Areas for Improvement

There is an opportunity to maximise funding and support from local businesses with the advent of the Tour de France. This will also present a number of challenges in terms of the numbers of visitors who will be in the planted area of the town. We are sure that all sectors who are interested in Harrogate will continue to work together with excellent results.

Knaresborough – Large Town (12-35K) Gold Rose Award Category Winner

Introduction

Knaresborough is an attractive market town with a wealth of historic links. It is set in a dramatic location on elevated rock overlooking the River Nidd. The ‘In Bloom’ team, although relatively small, are very dedicated and work exceedingly hard to maintain the appearance of the Town with positive effect.

Section A: Horticultural Achievement

Areas of Achievement

Some very well presented private gardens were observed. Throughout the Town there were colourful, well-maintained hanging baskets and planters. The Friends of Bebra Gardens have created some impressive displays with thoughtful and imaginative planting.

Areas for Improvement

Weeds growing around the litter bins in the centre of town were conspicuous. Perhaps encourage more businesses on the main thoroughfares to provide floral displays.

Section B: Environmental Responsibility

Areas of Achievement

The Aspin Pond project is impressive and has a dedicated Friends Group. The Barker & Stonehouse Eco store has many sustainable features and is a fine example of reducing carbon footprint. The street furniture was mostly well maintained throughout the Town.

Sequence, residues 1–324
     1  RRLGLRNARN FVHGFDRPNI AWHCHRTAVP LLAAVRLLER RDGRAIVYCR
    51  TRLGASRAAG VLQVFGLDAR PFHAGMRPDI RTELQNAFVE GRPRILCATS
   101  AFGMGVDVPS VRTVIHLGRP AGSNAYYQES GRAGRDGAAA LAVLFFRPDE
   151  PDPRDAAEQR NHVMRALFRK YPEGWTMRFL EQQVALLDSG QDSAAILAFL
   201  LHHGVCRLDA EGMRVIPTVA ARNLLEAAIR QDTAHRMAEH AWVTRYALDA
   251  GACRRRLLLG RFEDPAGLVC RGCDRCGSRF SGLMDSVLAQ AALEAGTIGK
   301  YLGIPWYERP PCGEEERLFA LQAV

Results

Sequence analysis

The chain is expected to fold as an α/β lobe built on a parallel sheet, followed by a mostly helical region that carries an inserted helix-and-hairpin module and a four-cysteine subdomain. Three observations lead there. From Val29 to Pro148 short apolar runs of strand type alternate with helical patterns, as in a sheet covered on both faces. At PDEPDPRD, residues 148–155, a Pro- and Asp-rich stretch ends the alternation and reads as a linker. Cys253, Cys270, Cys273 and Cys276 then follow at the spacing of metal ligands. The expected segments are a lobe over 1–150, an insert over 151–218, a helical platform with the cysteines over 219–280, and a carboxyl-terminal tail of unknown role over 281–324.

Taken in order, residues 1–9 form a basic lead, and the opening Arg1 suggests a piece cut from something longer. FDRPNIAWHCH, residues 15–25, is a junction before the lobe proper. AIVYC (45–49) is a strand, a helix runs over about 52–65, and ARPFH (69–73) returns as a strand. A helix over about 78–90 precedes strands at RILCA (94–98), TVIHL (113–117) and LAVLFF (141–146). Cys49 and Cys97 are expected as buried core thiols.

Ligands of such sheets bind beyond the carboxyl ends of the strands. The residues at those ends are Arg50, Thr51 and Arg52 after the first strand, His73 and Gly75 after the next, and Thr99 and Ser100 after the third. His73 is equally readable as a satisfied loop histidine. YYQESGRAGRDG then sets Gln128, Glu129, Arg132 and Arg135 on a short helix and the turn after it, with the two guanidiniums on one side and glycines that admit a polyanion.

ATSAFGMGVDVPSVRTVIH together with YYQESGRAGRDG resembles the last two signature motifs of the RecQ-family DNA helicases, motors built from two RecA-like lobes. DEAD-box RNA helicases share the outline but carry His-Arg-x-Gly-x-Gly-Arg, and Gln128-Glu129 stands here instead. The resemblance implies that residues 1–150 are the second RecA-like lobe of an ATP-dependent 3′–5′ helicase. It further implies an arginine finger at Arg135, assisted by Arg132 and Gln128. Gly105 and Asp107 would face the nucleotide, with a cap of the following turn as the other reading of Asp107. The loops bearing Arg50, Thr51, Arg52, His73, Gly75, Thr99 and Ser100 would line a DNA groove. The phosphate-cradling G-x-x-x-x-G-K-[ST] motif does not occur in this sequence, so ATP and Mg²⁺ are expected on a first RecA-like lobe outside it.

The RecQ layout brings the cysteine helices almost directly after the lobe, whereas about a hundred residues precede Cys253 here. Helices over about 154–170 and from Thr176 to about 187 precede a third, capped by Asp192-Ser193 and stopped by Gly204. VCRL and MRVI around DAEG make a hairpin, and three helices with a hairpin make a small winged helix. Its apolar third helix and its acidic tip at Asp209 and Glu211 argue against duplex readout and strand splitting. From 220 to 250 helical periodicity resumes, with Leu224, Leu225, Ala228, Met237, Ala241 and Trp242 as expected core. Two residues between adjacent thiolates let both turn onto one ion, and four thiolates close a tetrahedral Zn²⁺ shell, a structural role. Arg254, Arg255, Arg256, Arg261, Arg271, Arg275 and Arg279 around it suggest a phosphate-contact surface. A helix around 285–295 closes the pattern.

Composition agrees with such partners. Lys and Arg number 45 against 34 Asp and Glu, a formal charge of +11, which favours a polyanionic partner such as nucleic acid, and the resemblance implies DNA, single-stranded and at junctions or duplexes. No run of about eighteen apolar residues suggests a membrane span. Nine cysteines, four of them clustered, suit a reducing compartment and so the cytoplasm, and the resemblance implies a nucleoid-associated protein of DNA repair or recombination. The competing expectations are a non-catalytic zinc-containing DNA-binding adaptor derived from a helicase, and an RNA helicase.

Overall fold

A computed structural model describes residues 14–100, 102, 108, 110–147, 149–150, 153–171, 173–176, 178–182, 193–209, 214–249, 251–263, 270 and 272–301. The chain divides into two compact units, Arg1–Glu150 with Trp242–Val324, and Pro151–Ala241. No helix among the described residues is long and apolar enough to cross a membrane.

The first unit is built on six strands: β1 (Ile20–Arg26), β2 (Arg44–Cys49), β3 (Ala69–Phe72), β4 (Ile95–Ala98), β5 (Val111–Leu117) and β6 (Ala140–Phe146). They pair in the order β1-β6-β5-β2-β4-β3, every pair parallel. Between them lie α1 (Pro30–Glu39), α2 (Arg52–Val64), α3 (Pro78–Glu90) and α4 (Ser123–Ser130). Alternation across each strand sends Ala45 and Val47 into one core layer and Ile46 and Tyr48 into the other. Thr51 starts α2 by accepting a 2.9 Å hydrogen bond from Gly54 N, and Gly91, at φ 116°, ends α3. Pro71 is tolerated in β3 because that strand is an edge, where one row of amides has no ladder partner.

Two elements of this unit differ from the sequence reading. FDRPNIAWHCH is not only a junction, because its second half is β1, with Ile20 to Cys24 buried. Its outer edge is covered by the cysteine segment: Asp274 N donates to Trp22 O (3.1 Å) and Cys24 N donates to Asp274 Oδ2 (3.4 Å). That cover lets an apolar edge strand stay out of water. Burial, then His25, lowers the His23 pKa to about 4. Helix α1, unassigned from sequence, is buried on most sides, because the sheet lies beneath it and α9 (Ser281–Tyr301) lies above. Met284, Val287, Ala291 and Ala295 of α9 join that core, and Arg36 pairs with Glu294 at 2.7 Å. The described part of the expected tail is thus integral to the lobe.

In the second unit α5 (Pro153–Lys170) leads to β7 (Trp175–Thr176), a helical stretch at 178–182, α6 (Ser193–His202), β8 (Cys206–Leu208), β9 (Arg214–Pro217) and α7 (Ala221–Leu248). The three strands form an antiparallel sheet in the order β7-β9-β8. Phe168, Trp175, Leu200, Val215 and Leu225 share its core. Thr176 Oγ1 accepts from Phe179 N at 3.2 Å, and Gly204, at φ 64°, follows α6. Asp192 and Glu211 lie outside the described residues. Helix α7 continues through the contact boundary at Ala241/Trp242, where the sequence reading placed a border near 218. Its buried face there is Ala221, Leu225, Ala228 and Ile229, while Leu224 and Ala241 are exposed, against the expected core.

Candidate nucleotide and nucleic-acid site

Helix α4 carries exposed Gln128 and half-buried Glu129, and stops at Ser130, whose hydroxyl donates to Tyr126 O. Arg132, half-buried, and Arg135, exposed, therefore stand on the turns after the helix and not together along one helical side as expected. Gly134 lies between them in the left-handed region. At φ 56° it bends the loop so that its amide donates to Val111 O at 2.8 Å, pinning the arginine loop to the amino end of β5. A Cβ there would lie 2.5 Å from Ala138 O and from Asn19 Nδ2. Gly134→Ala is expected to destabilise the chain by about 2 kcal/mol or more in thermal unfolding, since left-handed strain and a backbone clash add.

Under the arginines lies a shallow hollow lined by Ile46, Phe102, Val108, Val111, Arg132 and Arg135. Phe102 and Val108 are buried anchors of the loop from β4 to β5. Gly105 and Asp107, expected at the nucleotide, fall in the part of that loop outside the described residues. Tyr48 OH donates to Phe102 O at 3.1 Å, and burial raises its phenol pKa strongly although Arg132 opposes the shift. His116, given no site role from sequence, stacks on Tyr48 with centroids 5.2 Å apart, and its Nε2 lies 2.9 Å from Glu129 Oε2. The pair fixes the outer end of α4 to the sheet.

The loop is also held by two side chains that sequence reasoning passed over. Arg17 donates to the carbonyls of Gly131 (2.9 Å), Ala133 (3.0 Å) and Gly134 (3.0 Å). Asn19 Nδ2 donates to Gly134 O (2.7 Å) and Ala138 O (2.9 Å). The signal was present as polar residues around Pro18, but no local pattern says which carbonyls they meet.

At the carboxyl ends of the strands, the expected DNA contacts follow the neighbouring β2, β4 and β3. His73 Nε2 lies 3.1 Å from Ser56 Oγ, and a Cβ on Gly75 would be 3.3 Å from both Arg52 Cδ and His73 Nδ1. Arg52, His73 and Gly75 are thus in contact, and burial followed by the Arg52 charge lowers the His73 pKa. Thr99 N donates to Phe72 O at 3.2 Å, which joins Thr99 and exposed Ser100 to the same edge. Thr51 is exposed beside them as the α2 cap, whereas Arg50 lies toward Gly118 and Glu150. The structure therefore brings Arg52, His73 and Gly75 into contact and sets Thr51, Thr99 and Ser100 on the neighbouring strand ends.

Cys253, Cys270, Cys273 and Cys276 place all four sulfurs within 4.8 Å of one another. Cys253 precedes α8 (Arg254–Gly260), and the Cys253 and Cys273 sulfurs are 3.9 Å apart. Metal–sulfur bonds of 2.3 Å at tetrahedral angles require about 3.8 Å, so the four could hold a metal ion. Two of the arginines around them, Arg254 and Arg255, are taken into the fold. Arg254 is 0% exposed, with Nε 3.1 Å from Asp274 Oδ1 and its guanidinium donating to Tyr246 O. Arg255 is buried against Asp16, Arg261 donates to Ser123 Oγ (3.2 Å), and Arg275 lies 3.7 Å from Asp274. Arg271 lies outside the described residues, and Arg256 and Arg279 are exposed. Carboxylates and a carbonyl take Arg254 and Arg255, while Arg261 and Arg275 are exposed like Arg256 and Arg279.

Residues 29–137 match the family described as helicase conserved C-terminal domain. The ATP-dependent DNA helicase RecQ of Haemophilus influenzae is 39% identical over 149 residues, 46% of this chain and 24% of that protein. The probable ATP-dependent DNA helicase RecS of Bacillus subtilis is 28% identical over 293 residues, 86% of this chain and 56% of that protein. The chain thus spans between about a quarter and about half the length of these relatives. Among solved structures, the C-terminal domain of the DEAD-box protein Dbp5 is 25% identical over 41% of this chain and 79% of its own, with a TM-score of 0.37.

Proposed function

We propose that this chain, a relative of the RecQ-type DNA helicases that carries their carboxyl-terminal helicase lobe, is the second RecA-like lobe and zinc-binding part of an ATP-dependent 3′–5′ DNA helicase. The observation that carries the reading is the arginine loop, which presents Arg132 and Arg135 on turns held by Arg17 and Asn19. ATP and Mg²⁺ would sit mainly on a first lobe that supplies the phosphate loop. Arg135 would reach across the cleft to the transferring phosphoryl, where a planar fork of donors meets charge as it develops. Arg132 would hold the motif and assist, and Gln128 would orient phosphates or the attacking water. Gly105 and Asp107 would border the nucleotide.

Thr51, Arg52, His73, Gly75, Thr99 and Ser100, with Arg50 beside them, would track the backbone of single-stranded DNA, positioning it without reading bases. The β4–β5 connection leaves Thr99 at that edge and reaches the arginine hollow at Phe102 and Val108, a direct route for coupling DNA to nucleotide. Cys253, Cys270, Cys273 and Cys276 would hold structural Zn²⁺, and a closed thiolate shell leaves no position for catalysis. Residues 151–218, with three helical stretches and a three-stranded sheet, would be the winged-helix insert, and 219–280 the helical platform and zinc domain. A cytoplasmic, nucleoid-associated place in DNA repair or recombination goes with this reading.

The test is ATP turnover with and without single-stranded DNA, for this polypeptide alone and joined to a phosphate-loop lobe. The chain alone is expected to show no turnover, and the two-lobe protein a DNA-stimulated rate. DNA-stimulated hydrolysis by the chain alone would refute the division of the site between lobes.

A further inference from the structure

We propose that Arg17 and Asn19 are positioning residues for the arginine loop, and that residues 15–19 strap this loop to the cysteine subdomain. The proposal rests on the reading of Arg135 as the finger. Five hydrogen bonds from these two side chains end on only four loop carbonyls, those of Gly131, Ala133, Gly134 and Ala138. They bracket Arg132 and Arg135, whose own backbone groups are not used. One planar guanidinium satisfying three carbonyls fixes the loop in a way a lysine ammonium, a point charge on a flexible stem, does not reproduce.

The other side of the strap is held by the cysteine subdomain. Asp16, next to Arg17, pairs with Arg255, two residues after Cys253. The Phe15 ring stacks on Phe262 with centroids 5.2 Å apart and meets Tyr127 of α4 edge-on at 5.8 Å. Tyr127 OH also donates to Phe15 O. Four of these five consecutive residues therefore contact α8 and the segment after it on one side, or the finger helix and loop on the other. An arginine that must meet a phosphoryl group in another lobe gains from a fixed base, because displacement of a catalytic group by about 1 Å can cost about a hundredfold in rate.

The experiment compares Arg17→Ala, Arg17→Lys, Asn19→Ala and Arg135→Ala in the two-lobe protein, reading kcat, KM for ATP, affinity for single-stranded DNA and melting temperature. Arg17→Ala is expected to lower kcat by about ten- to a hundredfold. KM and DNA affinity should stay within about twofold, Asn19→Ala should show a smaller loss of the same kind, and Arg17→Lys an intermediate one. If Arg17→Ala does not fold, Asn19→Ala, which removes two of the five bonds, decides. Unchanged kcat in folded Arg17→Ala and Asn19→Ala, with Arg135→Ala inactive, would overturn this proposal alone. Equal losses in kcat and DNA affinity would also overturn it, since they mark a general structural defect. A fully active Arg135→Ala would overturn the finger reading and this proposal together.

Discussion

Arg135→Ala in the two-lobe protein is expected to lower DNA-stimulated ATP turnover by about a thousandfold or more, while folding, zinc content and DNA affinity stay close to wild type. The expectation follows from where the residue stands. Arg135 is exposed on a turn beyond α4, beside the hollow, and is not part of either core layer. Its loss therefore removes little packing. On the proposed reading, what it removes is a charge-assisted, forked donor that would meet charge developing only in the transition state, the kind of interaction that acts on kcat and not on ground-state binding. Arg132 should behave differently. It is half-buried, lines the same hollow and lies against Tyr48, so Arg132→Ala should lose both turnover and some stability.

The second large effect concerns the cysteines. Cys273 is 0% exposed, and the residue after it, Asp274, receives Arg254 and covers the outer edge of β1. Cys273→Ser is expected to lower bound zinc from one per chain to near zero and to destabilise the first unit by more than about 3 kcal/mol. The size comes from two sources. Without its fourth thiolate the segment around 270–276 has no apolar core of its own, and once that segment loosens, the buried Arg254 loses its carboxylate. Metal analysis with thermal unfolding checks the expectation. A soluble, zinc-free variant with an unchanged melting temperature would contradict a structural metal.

Areas for Improvement

A lot of roadside weed in evidence at the St. James Retail Park. Consider more sustainable, permanent planting in the Town displays

Section C: Community Participation

Areas of Achievement

Utilising a regular market stall for fund raising is commendable. Excellent established links with the local authorities, Friends Groups and ‘In Bloom’ teams working together.

Areas for Improvement

Poor standards of horticulture with an abundance of weed at Aspin School. Perhaps establish greater links with the School as advice and encouragement are much needed.

Introduction
Knaresborough is an attractive market town with a wealth of historic links. It is set in a dramatic location on elevated rock overlooking the River Nidd. The ‘In Bloom’ team, although relatively small, are very dedicated and work exceedingly hard to maintain the appearance of the Town with positive effect.

Section A: Horticultural Achievement
Areas of Achievement
Some very well presented private gardens were observed. Throughout the Town there were colourful, well-maintained hanging baskets and planters. The Friends of Bebra Gardens have created some impressive displays with thoughtful and imaginative planting.

Areas for Improvement
Weeds growing around the litter bins in the centre of town were conspicuous. Perhaps encourage more businesses on the main thoroughfares to provide floral displays.

Section B: Environmental Responsibility
Areas of Achievement
The Aspin Pond project is impressive and has a dedicated Friends Group. The Barker & Stonehouse Eco store has many sustainable features and is a fine example of reducing carbon footprint. The street furniture was mostly well maintained throughout the Town.

Areas for Improvement
A lot of roadside weed in evidence at the St. James Retail Park. Consider more sustainable, permanent planting in the Town displays

Section C: Community Participation
Areas of Achievement
Utilising a regular market stall for fund raising is commendable. Excellent established links with the local authorities, Friends Groups and ‘In Bloom’ teams working together.

Areas for Improvement

Poor standards of horticulture with an abundance of weed at Aspin School. Perhaps establish greater links with the School as advice and encouragement are much needed.